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09.01.2020 | Original Research Article | Ausgabe 3/2020

Drugs & Aging 3/2020

Informing Medication Discontinuation Decisions among Older Adults with Relapsing-Onset Multiple Sclerosis

Drugs & Aging > Ausgabe 3/2020
Natalie A. Schwehr, Karen M. Kuntz, Eva A. Enns, Nathan D. Shippee, Elaine Kingwell, Helen Tremlett, Adam F. Carpenter, Mary Butler, The BeAMS Study group
Wichtige Hinweise

Electronic supplementary material

The online version of this article (https://​doi.​org/​10.​1007/​s40266-019-00741-1) contains supplementary material, which is available to authorized users.
Members of “The BeAMS Study group” are listed in the Acknowledgement section.



For older adults with relapsing-onset multiple sclerosis (MS), limited information is available to inform if, or when, disease-modifying drugs (DMDs) may be safely discontinued.


The aim of this study was to project the outcomes of DMD discontinuation among older adults with relapsing-onset MS.


We projected the 10-year outcomes of discontinuation of a DMD (interferon-β, fingolimod, or natalizumab) among older adults (aged 55 or 70 years) who were relapse-free for 5 or more years and had not reached an Expanded Disability Status Scale (EDSS) score of 6. Outcomes included the percentage of people who had at least one relapse or reached EDSS 6, and quality-adjusted life-years (QALYs), which incorporated both relapses and disability. We used a simulation modeling approach. With increased age, relapses decreased and the effectiveness of DMDs for disability outcomes also decreased.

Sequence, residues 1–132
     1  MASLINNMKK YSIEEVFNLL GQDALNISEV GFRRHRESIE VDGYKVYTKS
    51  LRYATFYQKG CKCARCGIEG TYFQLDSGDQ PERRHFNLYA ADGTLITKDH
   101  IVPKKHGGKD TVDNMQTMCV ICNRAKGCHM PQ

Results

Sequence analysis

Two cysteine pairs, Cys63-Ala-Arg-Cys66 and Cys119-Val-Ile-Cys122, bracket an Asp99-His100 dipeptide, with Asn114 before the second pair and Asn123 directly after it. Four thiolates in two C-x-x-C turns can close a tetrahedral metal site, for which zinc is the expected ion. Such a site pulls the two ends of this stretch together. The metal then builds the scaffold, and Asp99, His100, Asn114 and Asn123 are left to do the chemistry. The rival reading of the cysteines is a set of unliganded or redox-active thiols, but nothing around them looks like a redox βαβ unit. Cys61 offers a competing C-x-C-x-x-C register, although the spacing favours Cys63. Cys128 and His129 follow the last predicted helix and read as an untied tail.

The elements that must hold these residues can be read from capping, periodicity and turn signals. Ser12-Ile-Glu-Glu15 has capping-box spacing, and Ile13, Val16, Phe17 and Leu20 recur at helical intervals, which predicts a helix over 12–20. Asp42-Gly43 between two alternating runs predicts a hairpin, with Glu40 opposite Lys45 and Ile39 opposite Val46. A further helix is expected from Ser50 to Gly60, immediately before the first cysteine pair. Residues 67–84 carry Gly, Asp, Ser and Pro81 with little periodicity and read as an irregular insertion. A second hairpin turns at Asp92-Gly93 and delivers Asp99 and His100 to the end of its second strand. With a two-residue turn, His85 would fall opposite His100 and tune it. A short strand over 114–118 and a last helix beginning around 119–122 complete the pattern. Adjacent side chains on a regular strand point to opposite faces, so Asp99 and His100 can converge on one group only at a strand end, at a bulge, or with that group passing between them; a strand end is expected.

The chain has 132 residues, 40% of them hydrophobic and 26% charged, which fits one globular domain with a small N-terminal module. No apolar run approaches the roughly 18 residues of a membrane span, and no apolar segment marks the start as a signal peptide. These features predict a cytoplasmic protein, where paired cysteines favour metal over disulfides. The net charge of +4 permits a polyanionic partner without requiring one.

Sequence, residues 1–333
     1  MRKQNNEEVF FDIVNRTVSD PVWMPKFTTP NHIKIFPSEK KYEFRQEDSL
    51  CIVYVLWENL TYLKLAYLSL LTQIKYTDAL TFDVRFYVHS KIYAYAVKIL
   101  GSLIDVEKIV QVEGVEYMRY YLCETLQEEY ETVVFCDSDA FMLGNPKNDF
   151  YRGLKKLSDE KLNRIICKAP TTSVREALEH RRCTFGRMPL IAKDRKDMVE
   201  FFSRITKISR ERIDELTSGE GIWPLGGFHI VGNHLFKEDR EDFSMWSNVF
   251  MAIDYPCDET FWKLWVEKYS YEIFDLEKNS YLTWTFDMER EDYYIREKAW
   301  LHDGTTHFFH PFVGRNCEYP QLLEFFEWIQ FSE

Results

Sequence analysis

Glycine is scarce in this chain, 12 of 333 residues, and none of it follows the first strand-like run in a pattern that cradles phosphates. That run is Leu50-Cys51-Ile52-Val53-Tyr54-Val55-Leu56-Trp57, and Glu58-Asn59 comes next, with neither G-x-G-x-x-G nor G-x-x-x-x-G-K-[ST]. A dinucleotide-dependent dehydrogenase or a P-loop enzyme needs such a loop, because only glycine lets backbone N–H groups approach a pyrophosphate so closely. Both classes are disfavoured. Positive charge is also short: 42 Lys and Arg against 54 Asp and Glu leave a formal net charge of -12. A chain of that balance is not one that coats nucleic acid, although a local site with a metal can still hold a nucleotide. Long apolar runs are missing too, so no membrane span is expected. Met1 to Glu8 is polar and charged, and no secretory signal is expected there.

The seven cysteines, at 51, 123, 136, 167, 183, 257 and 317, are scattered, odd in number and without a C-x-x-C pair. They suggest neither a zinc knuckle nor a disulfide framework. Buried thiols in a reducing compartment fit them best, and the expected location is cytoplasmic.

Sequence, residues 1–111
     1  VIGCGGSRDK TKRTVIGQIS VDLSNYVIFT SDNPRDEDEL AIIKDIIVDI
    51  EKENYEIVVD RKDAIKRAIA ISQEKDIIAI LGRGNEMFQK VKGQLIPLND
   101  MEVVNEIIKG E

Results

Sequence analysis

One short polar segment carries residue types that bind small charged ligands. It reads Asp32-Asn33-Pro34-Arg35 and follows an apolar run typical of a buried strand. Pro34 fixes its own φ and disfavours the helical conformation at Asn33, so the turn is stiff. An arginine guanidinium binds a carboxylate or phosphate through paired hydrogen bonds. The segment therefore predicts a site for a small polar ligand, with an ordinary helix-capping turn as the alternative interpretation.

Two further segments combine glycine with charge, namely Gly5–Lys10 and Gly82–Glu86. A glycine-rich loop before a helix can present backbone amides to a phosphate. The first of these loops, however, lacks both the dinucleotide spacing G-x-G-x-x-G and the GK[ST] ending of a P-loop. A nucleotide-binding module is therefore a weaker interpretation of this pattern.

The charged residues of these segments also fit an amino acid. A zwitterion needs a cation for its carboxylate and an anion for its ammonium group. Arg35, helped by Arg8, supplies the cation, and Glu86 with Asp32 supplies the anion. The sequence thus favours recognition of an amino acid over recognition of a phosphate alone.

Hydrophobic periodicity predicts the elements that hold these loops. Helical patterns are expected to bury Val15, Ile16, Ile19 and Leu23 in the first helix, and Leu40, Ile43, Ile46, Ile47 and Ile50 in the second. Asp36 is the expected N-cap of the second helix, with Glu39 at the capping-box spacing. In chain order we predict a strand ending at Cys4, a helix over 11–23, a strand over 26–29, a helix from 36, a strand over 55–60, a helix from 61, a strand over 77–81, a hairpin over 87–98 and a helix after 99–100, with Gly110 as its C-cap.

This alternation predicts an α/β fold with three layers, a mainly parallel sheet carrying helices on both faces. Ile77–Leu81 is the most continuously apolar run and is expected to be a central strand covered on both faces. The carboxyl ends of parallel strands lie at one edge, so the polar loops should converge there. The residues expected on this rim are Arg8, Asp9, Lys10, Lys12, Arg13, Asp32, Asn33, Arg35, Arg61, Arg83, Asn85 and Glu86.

We found lower projected benefits for DMD continuation at 70 years of age than at 55 years of age. Compared with discontinuation, the projected benefit of DMD continuation ranged from 0.007 to 0.017 QALYs at 55 years of age and dropped to 0.002–0.006 at 70 years of age. The annual projected benefits of DMD continuation (0.1–3.0 quality-adjusted life-days) were very low compared with typical patient preferences regarding treatment burden.


The benefits of DMDs may not be substantial among older adults with relapsing-onset MS. Direct clinical evidence remains limited and the decision of whether to discontinue a DMD should also take into account patient preferences. It is important to gain a better understanding of how age-related changes in the trajectory of relapsing-onset MS affect treatment effectiveness among older adults.

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